I love him so much that I suffered through every season of Criminal Minds in which he appeared; all of those inane and formulaic (and usually misogynistic) murder mysteries, just to catch a glimpse of his salt and pepper melancholy grin.
I love him so much that I have memorized many of his zingers as Rube in Dead Like Me, a series I was sad to see end so prematurely. This Patinkin role taught me that “I need to make a sissy” is New Yorker for “I have to pee”. That alone, along with his prerequisite song in one episode, was worth the purchase of both seasons on DVD.
I love him so much that I saw him in concert in Chicago in 2008. It was Patinkin solo, on a bare stage with a microphone and an overhead light. He was dressed in black. He told funny stories. He sang some songs. It solidified him in my mind as a true performer.
I love him so much that I watched a PBS special on model trains that featured him. Yes, Patinkin has a passion for model trains that most people reserve for their morning jug of Starbucks or heated car seats.
And yes, I love Mandy Patinkin so much that I have watched Yentl and have even said that it is “good”. Given Patinkin’s singing abilities, would it have killed Babs to give him a single song on the soundtrack?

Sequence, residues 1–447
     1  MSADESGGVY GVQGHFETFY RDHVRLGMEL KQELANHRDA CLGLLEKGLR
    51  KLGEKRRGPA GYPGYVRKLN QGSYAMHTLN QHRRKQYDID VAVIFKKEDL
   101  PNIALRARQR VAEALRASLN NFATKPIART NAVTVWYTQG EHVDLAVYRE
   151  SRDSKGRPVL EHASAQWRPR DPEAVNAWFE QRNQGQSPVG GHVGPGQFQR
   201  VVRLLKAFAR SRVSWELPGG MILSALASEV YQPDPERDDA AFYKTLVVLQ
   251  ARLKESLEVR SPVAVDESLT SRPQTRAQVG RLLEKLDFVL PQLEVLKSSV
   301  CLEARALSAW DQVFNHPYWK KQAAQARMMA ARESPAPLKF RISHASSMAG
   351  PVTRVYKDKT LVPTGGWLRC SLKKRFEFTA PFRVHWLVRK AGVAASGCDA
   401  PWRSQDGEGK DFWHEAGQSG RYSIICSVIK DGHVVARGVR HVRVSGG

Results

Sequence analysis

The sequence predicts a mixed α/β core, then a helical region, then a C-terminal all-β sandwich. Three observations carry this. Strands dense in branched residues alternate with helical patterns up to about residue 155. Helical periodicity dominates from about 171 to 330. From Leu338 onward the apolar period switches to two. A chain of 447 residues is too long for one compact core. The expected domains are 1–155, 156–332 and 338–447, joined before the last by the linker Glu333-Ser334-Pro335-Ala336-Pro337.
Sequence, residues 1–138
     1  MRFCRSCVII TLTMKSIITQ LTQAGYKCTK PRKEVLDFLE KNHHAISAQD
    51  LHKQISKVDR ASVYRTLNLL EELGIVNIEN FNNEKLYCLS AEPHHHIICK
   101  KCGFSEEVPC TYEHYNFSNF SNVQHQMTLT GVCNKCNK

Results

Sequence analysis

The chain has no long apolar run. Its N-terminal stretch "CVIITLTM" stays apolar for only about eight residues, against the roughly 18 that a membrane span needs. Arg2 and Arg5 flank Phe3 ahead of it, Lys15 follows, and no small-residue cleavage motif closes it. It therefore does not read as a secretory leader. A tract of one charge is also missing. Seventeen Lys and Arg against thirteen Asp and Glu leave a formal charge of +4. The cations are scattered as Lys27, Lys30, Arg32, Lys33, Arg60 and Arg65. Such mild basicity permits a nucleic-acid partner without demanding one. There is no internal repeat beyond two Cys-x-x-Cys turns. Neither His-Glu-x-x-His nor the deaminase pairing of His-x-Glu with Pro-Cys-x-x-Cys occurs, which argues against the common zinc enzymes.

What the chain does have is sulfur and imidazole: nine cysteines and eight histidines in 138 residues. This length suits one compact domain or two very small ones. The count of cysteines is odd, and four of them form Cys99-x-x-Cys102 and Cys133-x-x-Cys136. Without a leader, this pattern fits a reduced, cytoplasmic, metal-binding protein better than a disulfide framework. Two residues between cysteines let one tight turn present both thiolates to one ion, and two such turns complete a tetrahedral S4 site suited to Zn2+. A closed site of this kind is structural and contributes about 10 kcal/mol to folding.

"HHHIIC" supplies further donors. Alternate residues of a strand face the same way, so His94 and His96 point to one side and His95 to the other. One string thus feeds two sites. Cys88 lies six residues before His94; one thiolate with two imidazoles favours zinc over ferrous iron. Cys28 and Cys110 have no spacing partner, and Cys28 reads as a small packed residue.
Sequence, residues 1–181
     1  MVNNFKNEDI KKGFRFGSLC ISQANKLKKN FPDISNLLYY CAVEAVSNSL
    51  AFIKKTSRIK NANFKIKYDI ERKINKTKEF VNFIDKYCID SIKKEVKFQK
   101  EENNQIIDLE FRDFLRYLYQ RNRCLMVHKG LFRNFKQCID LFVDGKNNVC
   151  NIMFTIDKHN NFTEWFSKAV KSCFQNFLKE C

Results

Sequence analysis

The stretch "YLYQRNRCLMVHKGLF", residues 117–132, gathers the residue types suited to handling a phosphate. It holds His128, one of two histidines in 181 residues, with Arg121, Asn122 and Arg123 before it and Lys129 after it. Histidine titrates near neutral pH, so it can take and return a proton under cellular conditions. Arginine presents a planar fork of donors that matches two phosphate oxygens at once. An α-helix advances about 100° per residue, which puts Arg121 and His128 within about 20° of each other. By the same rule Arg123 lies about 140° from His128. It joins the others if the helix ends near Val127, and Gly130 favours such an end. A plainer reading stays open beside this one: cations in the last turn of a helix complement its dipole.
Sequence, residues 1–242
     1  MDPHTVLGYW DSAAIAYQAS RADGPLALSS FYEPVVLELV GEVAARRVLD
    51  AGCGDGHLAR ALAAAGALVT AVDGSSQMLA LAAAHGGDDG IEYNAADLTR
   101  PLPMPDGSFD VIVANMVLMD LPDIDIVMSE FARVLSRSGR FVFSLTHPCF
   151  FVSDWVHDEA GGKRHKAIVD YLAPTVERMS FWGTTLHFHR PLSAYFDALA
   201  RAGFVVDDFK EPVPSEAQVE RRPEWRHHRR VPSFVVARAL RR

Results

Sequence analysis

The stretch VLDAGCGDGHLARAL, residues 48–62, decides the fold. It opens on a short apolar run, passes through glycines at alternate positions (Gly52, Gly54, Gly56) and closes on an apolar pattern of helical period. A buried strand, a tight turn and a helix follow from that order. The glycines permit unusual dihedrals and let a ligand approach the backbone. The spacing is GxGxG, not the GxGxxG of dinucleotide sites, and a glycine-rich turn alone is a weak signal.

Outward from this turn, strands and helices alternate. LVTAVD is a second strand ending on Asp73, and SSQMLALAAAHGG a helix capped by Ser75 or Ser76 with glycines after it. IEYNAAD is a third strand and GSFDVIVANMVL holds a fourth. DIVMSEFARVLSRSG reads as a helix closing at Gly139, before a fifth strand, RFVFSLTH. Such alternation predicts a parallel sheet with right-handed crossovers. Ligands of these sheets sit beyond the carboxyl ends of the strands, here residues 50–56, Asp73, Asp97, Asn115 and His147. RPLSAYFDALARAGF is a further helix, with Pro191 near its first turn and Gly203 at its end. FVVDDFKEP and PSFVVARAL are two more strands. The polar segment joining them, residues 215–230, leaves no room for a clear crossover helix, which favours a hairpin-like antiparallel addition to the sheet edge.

That brings us to his role in The Princess Bride, which is unquestionably the most endearing dose of Patinkin available. Maybe it’s his accent. Maybe it’s his sweet friendship with Andre the Giant. Maybe it’s his quest to avenge his father’s murder. I can’t say for sure, I only know that his ambidextrous fencing and mission to find the six-fingered man still make me swoon, despite that weird super-mullet.
Because I chose to stitch Patinkin as Inigo Montoya, I would be remiss to leave out his personal proverb. Hence, I will end with it here:
Hello. My name is Inigo Montoya. You killed my father. Prepare to die.
An addendum, posted in the comments by my partner in crime:
As an addendum to this wonderful post and embroidery, the poster and I:
A) saw him at a concert in Chicago. The place wasn’t empty, but it was far too large a theater for him to pack; consequently, it was empty relative to the size of the theater and he told the entire audience to move up. We didn’t. We stayed where we were, which was toward the back, but we sat next to a lady who had seen him dozens of times and seemed to be a Mandy Patinkin groupie.
B) the first time we were in Madison (WI), visiting, checking the place out to see if we might want to move there, who do we see wandering around State Street but Mandy Patinkin. Was he the reason we moved to Madison? No, but when asked, we can honestly say he was the reason and in saying so, we are not entirely inaccurate.